A study of Milwaukee’s long-running voucher program found that participating students were more likely to graduate high school and attend four-year colleges.

Much evidence, measured by test scores, also suggests that public schools improve in response to competition produced by school voucher programs.

More consistent impacts are illustrated in a recent study in Florida, a state with the nation’s most extensive private school choice program. There, tax credit–funded vouchers led to slight improvements in math and reading test scores as well as suspension and attendance rates. These effects were the most impactful among lower-income students. The study is one of the few that analyzes the outcomes of vouchers based on factors other than test scores.

The controversy surrounding school choice also sometimes touches on a deeper matter, one involving religion. Many opposers, including Goldberg, tend to stress a separation between church and state, meaning that school choice should not be used to fund the tuition of religious private schools.

While this is a legitimate perspective, Lovell believes that, above all, a child should receive an education that meets their needs; this matters more than restricting schools merely because they involve an aspect of religion, which only takes away that option for families who cannot afford it.

“I think it’s really up to families because they are best positioned to understand what their students need. And so they should have the ability to choose a religious school if they want,” Lovell said.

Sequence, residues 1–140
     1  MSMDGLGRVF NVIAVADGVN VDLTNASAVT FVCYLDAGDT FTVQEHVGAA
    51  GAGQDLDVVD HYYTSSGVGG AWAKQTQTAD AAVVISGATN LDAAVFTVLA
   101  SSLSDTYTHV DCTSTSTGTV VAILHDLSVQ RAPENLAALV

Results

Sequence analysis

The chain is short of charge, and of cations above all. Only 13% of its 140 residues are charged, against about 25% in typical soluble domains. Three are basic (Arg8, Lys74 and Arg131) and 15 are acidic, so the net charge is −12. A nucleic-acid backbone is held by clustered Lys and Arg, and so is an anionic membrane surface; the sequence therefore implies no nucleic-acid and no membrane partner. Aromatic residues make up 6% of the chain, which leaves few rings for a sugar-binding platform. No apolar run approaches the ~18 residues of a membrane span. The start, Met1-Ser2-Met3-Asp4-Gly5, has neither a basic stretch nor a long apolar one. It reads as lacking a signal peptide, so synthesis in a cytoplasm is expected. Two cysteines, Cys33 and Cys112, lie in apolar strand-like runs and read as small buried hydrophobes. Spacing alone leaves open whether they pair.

Supporters highlight that school choice yields an important positive outcome for many educational environments by creating competition between varying schools.

We have children caught in semi-literacy, particularly children of new immigrants, who are not learning what they need to learn. Some of the schools are just failures. So we need private competition.

— Micheal Alexander

“School choice drives competition, so when families are given the option to exercise school choice, we see a positive impact on the surrounding public schools as this competition with other schools encourages public schools to improve student performance as well,” Lovell said.

Often, students utilize school choice to gain new educational opportunities and programs unavailable in their previous school. According to a report by the Legislative Analyst’s Office (LAO), California’s District of Choice program led to a response in which most home districts (where students transferred from) actively improved their instructional offerings, taking steps to learn more about community priorities and develop new academic programs. These home districts also showed better test results over time and a reduction in the number of students wanting to transfer out.